‘Angelic Warriors’ inspire hope among cancer survivors
Published 12:00 am Wednesday, April 14, 2004
NATCHEZ &045; Sharing their faith and supporting one another, a group of Natchez breast cancer survivors join forces to fight battles and inspire hope.
They are God’s Angelic Warriors, and their numbers are growing. Their focus remains the same, however. And today, from 3 to 4 p.m., the women will host a fund-raising tea at Holy Family Catholic School Hall, with money going to the annual American Cancer Society Relay for Life held in May. The invitation is open to the community.
&uot;When you hear the big ‘C’ word, you become terrified,&uot; said Lillian Edney, whose cancer was diagnosed early in 2000 and who today has resumed her normal life, including the gardening she loves dearly.
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Determined to defeat the cancer, she gained a reputation among the medical community treating her. &uot;They would say, ‘Here comes Mrs. Positive.’&uot;
She laughed, acknowledging they were on target with her. &uot;I was determined not to let it get me down,&uot; she said.
Her friends called, especially Demetria Reed, and asked her to join God’s Angelic Warriors, founded by Reed in the 1990s. She declined the invitations at first.
&uot;I was selfish. I really was. I wanted to spend that time focusing on getting well,&uot; she said. &uot;My faith helped me to get through it.&uot;
When she did join the group, she became one of its most active members, this year taking charge of today’s fund raiser.
Barbara Washington said the love and support shown among the group has been a boost to her spirits. She, too is a survivor, having been diagnosed with cancer in 1990. &uot;I prayed a lot,&uot; she said.
Members of the group vary in age and in the stages of their illness. Some are long-time survivors, some are still in treatment and some have faced the trauma of re-occurrence.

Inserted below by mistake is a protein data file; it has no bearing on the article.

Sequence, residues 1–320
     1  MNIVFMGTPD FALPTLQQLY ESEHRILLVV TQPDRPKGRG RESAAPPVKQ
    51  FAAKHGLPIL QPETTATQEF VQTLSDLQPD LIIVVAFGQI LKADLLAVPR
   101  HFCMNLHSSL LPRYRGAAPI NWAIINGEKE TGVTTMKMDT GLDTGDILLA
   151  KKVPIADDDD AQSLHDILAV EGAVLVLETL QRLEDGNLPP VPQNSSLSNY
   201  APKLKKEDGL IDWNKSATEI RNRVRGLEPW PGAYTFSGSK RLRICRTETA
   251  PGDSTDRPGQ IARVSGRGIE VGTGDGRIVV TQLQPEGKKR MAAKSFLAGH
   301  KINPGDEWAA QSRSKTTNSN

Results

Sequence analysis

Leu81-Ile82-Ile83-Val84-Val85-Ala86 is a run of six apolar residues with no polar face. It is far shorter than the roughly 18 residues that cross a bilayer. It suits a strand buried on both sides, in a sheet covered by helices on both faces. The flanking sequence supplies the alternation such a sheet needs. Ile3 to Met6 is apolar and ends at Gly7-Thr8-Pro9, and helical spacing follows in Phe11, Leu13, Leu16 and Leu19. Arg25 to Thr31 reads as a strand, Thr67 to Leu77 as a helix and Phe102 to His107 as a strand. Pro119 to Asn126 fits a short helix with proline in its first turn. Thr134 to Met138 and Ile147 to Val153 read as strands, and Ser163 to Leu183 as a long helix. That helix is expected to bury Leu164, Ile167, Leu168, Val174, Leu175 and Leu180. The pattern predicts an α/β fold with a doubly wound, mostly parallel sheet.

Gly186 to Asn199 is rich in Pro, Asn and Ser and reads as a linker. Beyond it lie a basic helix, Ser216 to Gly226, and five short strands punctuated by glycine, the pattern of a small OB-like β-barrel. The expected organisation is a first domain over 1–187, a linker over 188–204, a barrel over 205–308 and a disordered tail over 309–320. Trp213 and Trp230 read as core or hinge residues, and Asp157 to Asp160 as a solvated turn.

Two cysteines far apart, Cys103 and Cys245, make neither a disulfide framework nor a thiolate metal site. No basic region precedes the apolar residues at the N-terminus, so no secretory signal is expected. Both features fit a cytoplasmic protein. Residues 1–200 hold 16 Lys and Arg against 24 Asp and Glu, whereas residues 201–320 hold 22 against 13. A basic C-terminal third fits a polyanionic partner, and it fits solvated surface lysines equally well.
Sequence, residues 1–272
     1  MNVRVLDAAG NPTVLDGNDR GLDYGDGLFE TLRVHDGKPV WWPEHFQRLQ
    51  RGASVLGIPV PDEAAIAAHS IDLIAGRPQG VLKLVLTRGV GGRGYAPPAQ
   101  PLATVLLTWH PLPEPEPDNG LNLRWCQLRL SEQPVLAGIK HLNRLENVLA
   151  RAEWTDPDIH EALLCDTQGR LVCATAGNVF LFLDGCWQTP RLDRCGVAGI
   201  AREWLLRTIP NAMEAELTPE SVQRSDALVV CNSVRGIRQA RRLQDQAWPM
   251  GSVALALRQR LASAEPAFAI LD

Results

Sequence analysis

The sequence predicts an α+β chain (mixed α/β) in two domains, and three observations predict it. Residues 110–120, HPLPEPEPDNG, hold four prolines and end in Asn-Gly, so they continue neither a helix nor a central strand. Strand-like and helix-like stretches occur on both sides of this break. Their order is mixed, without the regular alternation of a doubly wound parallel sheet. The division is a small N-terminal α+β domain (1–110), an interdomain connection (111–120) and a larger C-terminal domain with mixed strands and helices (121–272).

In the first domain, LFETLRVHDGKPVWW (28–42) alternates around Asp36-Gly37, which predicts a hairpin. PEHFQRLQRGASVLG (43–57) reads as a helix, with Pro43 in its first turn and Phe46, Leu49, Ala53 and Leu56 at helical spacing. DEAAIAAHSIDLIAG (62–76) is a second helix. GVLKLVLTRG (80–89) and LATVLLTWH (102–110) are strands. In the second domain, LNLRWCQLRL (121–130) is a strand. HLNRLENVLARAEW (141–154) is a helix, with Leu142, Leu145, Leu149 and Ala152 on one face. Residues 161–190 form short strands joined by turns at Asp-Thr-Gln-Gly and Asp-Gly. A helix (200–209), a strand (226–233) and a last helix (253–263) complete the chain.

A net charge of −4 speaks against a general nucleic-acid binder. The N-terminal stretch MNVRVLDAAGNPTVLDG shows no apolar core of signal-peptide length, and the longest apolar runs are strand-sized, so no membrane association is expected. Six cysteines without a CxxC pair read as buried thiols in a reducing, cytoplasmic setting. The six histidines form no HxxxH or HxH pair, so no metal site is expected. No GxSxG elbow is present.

&uot;We put it in God’s hands,&uot; Edney said. &uot;We try to eat well, take care of ourselves and pray for the best.&uot;
Every member of the group has a special person who is a kind of partner, always available for conversation and encouragement.
&uot;A card would always come on the day when I was down,&uot; Washington said. Edney agreed, calling it &uot;God’s work.&uot;
Members of the group come from different denominations and different age groups. Together, they draw nearer to God with meditations and devotions at the monthly meetings.
Experiencing the dreaded cancer has changed their lives, both women said. &uot;It has made me closer to God and it has made me be kinder to my neighbors,&uot; Washington said.
Edney, retired from a busy teaching schedule, began to think of ways to help others. &uot;Before my diagnosis, I was not a volunteer. Now I am,&uot; she said. &uot;You begin to value life more and you want to interact more with your family and not miss a thing. Life is so precious and can be taken away at any moment.&uot;
Last year, the tea drew about 80 people. The Warriors hope to have at least that many today. And they hope guests will come with generous checks made out to the American Cancer Society.